Nagashima et al. (2011) demonstrated that the relative abundance of Asian dust emitted from two major Asian deserts, the Taklimakan Desert and the Gobi Desert in southern Mongolia (hereafter, Mongolian Gobi) reflects changes in the seasonal northward movement of the westerly jet axis. At present, dust emission events in both these deserts are most frequent in spring because the large temperature gradient between high and middle latitudes and the resulting synoptic-scale disturbance in the atmospheric circulation generates strong cold fronts that give rise to storms (Roe 2009). In spring, severe dust storms are approximately twice as frequent in the Mongolian Gobi as in the Taklimakan (Kurosaki and Mikami 2005; Sun et al. 2001) because the Mongolian Gobi lies along the main pathway of cold air masses from Siberia. In this season, the emitted dust is transported eastward mostly by near-surface northwesterly winds. During summer, however, the latitudinal temperature gradient is smaller, suppressing storm event frequency in the Gobi (Roe 2009), whereas dust emission event frequency remains high in the Taklimakan (Kurosaki and Mikami 2005) because of the local circulation system between the desert and high surrounding mountains (Abe et al. 2005). When winds blowing against the northern margin of the Tibetan Plateau lift the dust above 5000 m, the emitted dust can be entrained into the westerly jet, which is north of the plateau during summer, and transported long distances. Thus, the relative abundance of dust from the Taklimakan versus the Mongolian Gobi mainly reflects the relative frequency of summer versus spring-type dust events. Since spring-type dust events cease once the westerly jet jumps to the north of the Tibetan Plateau (Nagashima et al. 2011), changes in the relative abundance of dust derived from these two deserts record the timing of this northward jump. This idea led us to reconstruct the changes in the provenance of dust from the Asian continent in sediment core MD01-2407 (37°04'00''N, 134°42'11''E) from the south-central Japan Sea (Fig. 1) by using the electron spin resonance (ESR) signal intensity of quartz (for details, see Nagashima et al. 2007; Sun et al. 2007).

Millennial-scale teleconnection via the westerly jet

Hemipelagic sediments in the Japan Sea are characterized by alternating dark and light layers; light layers were deposited during D-O stadials and dark layers during D-O interstadials (Tada 2004; Tada et al. 1999; Fig. 2C). The ESR signal intensities of silt-sized (eolian) quartz (Nagashima et al. 2007) in samples from core MD01-2407 ranged between values of 6.6-9.2 for Taklimakan and 12.0-13.6 for Mongolian Gobi (Nagashima et al. 2011). Lower ESR signal intensities (larger contribution from the Taklimakan Desert) clearly correspond to dark layers (D-O interstadials) and higher intensities (larger contribution from the Mongolian Gobi) to light layers (D-O stadials) (Fig. 2C, E). These inferred differences in dust provenance between dark and light layers are supported by the smaller median diameter of the silt fraction within the dark layers (Fig. 2D). Eolian grain size decreases with increasing distance from the source, and the Taklimakan Desert is more distant from the Japan Sea than the Mongolian Gobi; thus, the median grain size of eolian dust from the Taklimakan is smaller than that from the Mongolian Gobi. The dominance of dust from the Taklimakan in D-O interstadials suggests that the westerly jet jumped to the north of the Tibetan Plateau earlier during interstadials, favoring the development of a rainband along the Yangtze River during summer (Sampe and Xie 2010). Therefore, a northerly migration of the westerly jet path over East Asia can explain the increased precipitation over the Yangtze River during D-O interstadials (Fig. 2B), and also links millennial-scale changes in the EASM with those in the North Atlantic climate.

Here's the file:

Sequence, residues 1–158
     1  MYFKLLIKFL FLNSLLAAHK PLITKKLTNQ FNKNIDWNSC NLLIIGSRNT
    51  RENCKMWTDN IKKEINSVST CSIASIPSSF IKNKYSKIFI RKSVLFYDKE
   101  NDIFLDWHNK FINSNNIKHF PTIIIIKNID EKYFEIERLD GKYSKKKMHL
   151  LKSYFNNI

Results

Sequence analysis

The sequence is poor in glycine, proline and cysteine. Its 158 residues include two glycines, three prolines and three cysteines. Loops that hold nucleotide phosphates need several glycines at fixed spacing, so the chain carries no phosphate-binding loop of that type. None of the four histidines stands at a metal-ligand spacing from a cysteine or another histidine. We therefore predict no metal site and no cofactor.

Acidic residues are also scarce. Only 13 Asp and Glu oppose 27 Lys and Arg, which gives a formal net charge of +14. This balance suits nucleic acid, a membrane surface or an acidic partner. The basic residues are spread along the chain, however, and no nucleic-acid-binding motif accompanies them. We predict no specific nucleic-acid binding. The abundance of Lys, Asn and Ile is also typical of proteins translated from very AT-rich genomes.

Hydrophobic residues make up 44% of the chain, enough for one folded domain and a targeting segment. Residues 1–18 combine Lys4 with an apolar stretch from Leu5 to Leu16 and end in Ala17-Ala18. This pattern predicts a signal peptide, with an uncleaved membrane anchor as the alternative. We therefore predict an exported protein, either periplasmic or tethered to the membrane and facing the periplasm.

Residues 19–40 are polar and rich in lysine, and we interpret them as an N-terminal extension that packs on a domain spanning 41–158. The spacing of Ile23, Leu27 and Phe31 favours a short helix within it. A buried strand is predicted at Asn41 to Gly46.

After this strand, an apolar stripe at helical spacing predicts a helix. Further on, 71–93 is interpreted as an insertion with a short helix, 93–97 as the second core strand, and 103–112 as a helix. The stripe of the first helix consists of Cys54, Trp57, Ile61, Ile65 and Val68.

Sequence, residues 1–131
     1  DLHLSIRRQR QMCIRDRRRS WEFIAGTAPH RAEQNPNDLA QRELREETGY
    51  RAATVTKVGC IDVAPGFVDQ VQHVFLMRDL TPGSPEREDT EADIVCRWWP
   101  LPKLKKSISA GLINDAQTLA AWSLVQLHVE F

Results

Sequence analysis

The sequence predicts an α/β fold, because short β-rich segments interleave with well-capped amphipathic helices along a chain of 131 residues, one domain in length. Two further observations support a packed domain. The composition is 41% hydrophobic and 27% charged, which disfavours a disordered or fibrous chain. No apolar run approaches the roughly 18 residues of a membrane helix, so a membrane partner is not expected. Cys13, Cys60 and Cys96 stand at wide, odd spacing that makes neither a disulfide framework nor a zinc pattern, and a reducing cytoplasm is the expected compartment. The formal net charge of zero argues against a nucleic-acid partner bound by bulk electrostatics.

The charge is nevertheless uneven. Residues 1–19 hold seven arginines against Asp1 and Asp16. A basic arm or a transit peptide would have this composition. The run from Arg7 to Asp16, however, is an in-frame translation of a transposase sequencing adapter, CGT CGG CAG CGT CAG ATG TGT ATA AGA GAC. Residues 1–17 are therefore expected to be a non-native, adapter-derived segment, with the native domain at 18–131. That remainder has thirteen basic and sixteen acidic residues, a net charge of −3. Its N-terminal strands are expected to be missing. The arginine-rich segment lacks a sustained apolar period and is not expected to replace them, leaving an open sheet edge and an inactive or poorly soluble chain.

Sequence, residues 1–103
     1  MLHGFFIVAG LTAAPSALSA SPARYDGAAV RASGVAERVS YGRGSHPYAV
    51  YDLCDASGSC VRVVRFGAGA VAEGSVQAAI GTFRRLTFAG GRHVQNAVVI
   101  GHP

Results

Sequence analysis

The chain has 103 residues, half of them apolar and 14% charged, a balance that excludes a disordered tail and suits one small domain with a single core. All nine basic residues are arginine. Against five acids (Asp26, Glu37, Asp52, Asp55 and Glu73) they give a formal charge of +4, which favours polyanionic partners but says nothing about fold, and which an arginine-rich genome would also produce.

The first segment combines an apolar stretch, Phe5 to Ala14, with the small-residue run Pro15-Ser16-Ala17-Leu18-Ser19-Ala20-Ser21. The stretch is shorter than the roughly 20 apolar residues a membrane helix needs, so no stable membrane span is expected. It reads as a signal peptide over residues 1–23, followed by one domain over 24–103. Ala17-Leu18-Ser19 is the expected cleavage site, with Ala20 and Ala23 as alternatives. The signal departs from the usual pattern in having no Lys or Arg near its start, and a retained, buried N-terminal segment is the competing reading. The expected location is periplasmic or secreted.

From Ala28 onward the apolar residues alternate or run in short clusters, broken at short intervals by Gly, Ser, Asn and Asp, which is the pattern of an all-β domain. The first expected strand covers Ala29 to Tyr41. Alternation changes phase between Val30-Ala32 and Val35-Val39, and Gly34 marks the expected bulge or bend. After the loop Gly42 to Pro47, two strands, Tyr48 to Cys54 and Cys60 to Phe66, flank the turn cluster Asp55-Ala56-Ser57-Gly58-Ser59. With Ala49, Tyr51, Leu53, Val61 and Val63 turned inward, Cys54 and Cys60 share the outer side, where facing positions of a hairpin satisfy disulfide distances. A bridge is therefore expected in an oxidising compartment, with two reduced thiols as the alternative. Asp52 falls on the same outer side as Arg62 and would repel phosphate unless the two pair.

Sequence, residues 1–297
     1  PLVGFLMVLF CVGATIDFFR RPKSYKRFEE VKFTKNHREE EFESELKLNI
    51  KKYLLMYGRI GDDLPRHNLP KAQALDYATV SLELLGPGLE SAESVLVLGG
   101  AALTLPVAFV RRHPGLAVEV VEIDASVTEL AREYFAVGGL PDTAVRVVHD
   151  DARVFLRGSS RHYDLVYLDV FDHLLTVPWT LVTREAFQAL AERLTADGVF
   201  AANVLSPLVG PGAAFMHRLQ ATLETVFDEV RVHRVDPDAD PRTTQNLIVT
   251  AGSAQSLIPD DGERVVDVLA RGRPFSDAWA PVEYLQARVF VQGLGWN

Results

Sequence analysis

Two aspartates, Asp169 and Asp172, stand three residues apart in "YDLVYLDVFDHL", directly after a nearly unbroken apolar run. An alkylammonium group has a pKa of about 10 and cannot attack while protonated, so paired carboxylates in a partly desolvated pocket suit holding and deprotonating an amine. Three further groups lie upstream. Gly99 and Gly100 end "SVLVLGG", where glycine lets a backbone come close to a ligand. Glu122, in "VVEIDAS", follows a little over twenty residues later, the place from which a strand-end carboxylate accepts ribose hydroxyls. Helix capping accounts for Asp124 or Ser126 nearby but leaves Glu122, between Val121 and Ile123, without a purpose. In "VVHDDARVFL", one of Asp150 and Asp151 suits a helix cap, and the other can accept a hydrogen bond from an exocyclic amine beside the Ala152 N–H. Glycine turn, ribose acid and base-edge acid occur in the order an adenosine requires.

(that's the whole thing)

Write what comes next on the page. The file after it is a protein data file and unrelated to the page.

Oxygen isotope records of speleothems from the southwestern United States also suggest a northward shift of the polar jet during D-O interstadials (Asmerom et al. 2010). Furthermore, speleothem growth patterns in northeastern Brazil (Wang et al. 2004) and the chemical composition of Lake Malawi (East Africa) sediments (Brown et al. 2007) reveal a northward shift of the Intertropical Convergence Zone (ITCZ) during D-O interstadials over these respective regions. Taken together, these results suggest that a dynamic N-S displacement of the atmospheric circulation pattern (the westerly jet at mid-latitudes and the ITCZ at low latitudes) may almost simultaneously propagate D-O events on hemispheric and inter-hemispheric scales. 

Selected references

Full reference list online under:

http://www.pastglobalchanges.org/products/newsletters/ref2012_2.pdf

 

Nagashima K et al. (2011) Journal of Asian Earth Sciences 40: 1214-1220

Sampe T and Xie S-P (2010) Journal of Climate 23: 113-134

Sun Y et al. (2007) Atmospheric Environment 41: 8537-8548

Wang C, Liang X-Z, Samel AN (2011) Journal of Climate 24: 2116-2133

Wang YJ et al. (2001) Science 294: 2345-2348

Category: Science Highlights | PAGES Magazine articles


Creative Commons License
This work is licensed under a
Creative Commons Attribution 4.0 International License.